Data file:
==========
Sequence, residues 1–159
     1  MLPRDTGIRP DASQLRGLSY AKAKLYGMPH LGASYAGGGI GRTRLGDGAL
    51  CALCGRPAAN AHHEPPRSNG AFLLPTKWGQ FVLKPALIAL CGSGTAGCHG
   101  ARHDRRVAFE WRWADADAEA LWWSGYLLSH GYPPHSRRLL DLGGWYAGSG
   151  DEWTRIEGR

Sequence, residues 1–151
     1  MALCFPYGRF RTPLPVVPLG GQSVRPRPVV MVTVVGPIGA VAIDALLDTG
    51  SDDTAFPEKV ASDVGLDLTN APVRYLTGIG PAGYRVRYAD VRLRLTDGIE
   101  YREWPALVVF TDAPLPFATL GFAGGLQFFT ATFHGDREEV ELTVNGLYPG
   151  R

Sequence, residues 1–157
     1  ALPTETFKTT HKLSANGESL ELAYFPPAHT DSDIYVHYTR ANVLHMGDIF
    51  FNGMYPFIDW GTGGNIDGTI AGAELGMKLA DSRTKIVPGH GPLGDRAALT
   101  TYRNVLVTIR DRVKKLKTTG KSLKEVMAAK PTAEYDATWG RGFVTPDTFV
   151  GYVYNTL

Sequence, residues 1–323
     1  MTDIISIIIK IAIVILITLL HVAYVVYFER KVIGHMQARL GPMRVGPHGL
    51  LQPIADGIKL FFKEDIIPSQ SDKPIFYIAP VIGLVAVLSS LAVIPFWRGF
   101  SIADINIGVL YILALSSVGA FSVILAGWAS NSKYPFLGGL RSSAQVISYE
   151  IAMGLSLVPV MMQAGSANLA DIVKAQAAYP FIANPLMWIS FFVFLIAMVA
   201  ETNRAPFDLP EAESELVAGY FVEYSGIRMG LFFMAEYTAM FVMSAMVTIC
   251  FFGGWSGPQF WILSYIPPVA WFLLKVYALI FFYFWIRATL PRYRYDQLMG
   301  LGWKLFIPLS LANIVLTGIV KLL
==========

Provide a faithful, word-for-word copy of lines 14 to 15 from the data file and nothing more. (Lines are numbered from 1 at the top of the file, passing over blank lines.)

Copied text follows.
   101  TYRNVLVTIR DRVKKLKTTG KSLKEVMAAK PTAEYDATWG RGFVTPDTFV
   151  GYVYNTL